Bloggers approaching Grazzini-Rucki jury do not trigger mistrial

Have bloggers attempted to influence the jury in a divorce case?

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David Rucki - Screenshot taken from ABC video.
David Rucki - Screenshot taken from ABC video.

WASHINGTON, June 15, 2017 ⏤ Members of the media allegedly attempted to get statements from members of the jury during Sandra Grazzini-Rucki’s criminal trial.

As Grazzini-Rucki has publicly stated and confirmed in remarks afterward, Judge Karen Asphaug stopped the trial proceeding, adjourned the jury to the jury room, took the proceedings off the record and said that two bloggers covering the trial had inappropriately approached jurors for statements.

Rather than calling a mistrial, Asphaug suggested she did not believe they [the bloggers] meant any harm. She essentially gave them a pass as unseasoned bloggers, not journalists who know not to speak to the jury.

However, it is a standing rule that any inappropriate contact between a juror and any other person⏤journalist, blogger, influencer or just interested party⏤who is tied to the case is grounds for a mistrial, even if that contact only creates the appearance of impropriety.


A tweet from David Knaughty from July 23, 2016, while Grazzini-Rucki’s trial was ongoing, says that the judge warned the press to stop “tampering with the jury.”

A message sent through Twitter to the Twitter handle @KnaughtyDavid was left unreturned.

Michael Brodkorb, a former Minnesota Senate GOP staffer and one of the bloggers in question, has not denied that the judge ordered him and Laura Adlerman to stop “tampering” with the jury as alleged by Knaughty’s tweet.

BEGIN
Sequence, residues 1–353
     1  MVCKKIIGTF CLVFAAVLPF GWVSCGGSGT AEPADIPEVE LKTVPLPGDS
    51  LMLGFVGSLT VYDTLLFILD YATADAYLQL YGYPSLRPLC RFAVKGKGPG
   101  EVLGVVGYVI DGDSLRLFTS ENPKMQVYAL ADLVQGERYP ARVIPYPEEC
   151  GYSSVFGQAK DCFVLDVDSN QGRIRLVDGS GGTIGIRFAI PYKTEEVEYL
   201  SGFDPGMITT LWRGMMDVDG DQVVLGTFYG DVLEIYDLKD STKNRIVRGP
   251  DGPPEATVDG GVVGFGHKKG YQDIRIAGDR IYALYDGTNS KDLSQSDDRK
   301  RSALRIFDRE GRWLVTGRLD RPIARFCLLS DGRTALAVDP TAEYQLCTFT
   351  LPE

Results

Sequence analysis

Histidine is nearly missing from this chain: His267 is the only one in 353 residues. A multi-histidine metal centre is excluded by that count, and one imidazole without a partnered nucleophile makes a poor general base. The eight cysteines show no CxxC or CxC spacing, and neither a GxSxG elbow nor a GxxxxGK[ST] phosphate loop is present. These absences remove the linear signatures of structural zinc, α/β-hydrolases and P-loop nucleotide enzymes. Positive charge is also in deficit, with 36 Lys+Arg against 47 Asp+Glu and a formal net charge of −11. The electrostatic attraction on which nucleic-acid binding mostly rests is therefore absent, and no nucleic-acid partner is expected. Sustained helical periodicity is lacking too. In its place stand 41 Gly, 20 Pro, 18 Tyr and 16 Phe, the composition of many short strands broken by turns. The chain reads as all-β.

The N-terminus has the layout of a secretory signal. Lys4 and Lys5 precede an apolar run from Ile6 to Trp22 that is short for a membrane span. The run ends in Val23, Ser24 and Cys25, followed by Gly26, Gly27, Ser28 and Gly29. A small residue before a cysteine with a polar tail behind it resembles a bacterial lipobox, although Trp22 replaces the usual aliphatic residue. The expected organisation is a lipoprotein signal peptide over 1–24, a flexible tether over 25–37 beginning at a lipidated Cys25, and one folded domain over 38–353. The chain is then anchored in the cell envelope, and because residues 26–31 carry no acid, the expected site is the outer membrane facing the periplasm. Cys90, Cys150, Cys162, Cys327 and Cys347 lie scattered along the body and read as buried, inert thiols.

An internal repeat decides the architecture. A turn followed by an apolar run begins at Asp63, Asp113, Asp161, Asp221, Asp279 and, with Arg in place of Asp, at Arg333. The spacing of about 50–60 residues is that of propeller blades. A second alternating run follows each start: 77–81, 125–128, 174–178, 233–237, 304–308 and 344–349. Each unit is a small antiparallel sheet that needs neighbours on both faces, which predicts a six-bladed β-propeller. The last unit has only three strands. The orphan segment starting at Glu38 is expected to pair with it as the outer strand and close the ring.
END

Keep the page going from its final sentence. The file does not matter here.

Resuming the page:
[Editors note: Michael Brodkorb contacted CommDigiNews stating that he was not ordered to stop contacting the jury as alleged by Knaughty’s tweet referencing “bloggers”, or alleged by Ms. Grazzini-Rucki as reported in this article. Mr. Brodkorb denies that he was ever spoken to by the judge in this matter.]

Brodkorb has not offered balanced reporting on this case which has reached national media attention. Instead, he reports with a bias for David Rucki, often coming to court appearances with Rucki, according to Grazzini-Rucki.

[Editors note: Brodkorb denies having a personal relationship or bias toward Mr. Rucki.”]

When Brodkorb’s relationship with the Minneapolis Star Tribune was terminated in May 2016, he started Missing in Minnesota, a blog dedicated to documenting the case.

Laura Adelmann is a reporter with the newspaper the Sun Current, which serves Lakeville, the town where the Rucki’s live. She has been the chief reporter to cover the case for the newspaper.

This is the latest in a series of examples of shenanigans in the trial of Grazzini-Rucki.

Recently, CDN revealed that evidence favorable to the defense was not shared by the prosecution. Other matters of impropriety include trial Judge Asphaug allegedly fixing a criminal case for David Rucki, Fifth Amendment violations, Asphaug disallowing nearly all evidence of abuse and witness tampering.

In spite of this, Judge Asphaug has been allowed to preside over all criminal proceedings for Sandra Grazzini-Rucki, Dede Evavold, and Doug and Gina Dahlen.

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